In another life, I was a geriatric social worker, an executive director for assisted living and then as I excelled in my career, a hospice administrator. I have always had a fondness for the elderly. I have always been drawn to them. And, I have never been afraid of death. I see it as natural progression in the cycle of life. It’s one thing we all have in common and something we only get a single chance to do right. Providing quality hospice care is one way to help a patient and their family through that journey.
Before her own death, my mother used to say that I am an “old soul”. I don’t really know if this is true. The path I chose suited me and even though my career was incredibly stressful and sometimes sad, it was always interesting and surprisingly rewarding. I had the privilege to know many interesting people and I’d like to introduce you to one of them now.
His name was Harold.
Harold was a short, small framed, frail gentleman who came to live on the Alzheimer’s floor of the nursing home where I first started my career as a young social worker. He seemed so old to me. He was 90. I was 23. He was bald and boney. He couldn’t walk. He never spoke but he often smiled and looked unusually peaceful for an Alzheimer’s patient.
Harold didn’t have much family, only a nephew. He visited once a week and always made sure his uncle had nice clothing. Harold wore pressed, dry cleaned slacks with white button down shirts under brightly colored cotton cardigan sweaters. He was the best dressed resident of the Alzheimer’s floor. Maybe that’s why he was always smiling.
Harold was adorable. Even though staff aren’t supposed to have favorites, sometimes it can’t be helped. It happens and Harold was one of them. His easy nature made him a pleasure to care for. We all loved Harold but because he didn’t have much family and because he didn’t speak, we didn’t know that much about him. We wondered what, if anything, was going on in that shiny bald head.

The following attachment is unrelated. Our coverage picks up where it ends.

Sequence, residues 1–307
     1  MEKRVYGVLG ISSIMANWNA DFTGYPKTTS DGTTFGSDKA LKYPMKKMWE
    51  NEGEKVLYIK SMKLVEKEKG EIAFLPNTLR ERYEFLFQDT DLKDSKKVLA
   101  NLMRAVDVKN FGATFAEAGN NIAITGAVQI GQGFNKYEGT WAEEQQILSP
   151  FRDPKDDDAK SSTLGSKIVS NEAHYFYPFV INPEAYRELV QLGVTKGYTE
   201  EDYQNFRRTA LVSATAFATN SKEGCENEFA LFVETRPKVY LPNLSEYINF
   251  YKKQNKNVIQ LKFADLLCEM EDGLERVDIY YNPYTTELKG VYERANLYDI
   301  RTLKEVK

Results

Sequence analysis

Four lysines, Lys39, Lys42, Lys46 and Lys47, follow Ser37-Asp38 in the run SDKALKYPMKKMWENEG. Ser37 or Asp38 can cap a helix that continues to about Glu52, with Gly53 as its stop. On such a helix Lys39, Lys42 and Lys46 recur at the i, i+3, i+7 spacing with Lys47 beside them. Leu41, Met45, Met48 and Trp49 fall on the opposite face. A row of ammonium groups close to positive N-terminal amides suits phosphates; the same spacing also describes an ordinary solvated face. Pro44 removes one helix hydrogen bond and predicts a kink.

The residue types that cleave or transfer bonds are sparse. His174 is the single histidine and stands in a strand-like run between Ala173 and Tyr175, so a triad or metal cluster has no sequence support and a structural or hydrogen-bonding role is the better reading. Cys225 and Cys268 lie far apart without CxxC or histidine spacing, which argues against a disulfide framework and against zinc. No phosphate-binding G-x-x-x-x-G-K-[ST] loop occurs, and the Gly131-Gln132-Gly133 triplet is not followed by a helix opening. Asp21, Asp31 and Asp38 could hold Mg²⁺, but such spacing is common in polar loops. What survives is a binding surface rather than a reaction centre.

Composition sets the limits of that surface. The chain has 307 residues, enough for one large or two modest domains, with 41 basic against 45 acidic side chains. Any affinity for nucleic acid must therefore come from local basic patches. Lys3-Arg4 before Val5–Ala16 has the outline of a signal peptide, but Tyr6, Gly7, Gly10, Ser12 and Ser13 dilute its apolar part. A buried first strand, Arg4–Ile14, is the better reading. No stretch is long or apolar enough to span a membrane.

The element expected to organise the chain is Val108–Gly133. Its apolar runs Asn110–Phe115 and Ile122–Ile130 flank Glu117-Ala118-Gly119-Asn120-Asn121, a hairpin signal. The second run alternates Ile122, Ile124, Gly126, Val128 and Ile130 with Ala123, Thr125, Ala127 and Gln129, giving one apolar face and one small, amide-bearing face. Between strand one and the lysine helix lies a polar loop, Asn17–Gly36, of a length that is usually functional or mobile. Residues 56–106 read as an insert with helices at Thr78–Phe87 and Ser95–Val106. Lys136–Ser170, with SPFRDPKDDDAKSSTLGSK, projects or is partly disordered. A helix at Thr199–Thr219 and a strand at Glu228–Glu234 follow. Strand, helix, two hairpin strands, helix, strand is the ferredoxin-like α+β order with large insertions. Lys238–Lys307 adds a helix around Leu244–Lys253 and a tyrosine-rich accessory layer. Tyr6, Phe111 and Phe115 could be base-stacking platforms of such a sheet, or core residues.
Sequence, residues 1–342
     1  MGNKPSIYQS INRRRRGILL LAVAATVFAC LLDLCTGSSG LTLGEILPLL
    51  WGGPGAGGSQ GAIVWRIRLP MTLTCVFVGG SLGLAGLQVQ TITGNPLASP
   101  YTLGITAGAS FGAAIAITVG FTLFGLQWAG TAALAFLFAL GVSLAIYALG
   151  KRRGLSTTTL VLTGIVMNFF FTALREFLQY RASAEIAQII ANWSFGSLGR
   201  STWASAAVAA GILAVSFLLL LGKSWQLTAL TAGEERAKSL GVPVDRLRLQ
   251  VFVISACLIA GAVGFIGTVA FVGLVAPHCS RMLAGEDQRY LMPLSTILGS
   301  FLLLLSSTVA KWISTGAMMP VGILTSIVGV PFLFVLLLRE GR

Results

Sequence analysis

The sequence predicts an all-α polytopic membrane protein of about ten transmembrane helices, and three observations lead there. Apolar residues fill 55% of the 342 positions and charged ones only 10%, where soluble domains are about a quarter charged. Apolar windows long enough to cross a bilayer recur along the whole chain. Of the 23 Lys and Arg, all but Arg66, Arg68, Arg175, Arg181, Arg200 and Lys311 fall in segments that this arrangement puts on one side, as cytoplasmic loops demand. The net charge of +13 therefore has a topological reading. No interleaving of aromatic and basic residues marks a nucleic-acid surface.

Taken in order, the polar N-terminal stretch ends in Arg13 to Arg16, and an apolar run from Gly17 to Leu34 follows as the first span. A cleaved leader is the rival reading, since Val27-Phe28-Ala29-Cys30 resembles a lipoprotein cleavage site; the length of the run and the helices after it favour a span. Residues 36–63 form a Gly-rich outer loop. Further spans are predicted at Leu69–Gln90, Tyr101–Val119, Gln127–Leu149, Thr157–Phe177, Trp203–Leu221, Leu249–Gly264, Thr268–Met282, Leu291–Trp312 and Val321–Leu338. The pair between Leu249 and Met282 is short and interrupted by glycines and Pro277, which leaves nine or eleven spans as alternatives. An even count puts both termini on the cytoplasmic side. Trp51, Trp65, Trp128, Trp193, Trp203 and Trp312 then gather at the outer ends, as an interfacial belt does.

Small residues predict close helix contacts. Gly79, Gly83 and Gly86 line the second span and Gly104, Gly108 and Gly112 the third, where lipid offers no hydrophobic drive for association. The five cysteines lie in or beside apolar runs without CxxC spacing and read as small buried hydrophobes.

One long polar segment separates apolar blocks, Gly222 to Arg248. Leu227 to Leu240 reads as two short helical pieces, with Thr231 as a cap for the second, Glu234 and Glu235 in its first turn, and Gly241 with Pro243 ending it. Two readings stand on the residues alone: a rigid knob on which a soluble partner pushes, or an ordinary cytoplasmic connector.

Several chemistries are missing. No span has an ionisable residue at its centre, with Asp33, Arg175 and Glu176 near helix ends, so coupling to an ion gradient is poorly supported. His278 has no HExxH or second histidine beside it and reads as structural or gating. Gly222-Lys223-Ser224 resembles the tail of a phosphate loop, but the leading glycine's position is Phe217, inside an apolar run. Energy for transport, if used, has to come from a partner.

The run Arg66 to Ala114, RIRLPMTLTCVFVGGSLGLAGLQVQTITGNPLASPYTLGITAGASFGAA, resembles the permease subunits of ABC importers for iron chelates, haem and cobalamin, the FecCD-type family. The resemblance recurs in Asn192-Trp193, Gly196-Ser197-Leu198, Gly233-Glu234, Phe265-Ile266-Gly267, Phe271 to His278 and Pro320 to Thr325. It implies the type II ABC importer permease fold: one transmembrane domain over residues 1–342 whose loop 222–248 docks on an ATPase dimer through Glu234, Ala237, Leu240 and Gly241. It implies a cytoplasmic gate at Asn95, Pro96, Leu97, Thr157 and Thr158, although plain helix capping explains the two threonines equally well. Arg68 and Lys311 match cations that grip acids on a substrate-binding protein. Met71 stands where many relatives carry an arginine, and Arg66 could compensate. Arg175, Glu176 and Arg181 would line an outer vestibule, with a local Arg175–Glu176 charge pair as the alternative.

It seemed Harold liked to be around other people. This was when he smiled the most. So, every day after getting him smartly dressed in his perfectly pressed pants, the nursing staff would place him in a recliner chair near the elevator so he could watch people come and go. Everyone who came onto the floor would greet him. “Hey Harold.” “Hi Harold.” “How are you today Harold?” “Looking good Harold.” And to each of these greetings, came a big, wordless, gleaming white, dentured smile.
Day after day, staff would sit and talk with Harold. They would talk to him about the news, the weather, the gossip of the day and Harold would tilt his head and simply smile. Since his arrival at the nursing home and for over a year, Harold sat quietly, smiled and said nothing.
On a routine day, staff scattered and hurried with daily chores, changing sheets, making beds, giving medications, patients aimlessly wandering the halls, “You Are My Sunshine” playing from the sun room for the few residents able to sit long enough to enjoy the music, Harold spoke.
Harold didn’t just speak exactly, Harold bellowed. Harold’s voice rang out. He shouted, “I believe in ice cream”. The staff all stopped in their tracks, looking about to figure out who’s unfamiliar voice they heard. Much to everyone’s surprise it was Harold. “I believe in ice cream.” “I believe in ice cream.”, “I believe in ice cream.”, “I believe in ice cream.” He joyfully called out over and over again. “I believe in ice cream.” “I believe in ice cream.” “I believe in ice cream.”
Anxious to please him several of the nursing staff ran to the kitchenette and pulled ice cream cups out of the freezer to bring to Harold. The nurse who got to him first, pulled up a chair and fed him chocolate ice cream from a shiny metal spoon.
Harold beamed, grinning ear to ear as melting chocolate dripped from his lips.
After that day, Harold enjoyed a lot ice cream. Day after day Harold sat neatly dressed near the elevator and greeted everyone with his beautiful bald head and endearing smile but he never uttered another word.
About a year after telling the world what he believed in, Harold died peacefully in his sleep with that trademark smile on his face and nursing staff all around him.
Twenty years later, I still think about Harold and when I do, I also think about how much better the world would be if we all believed in the simple sweet things in life.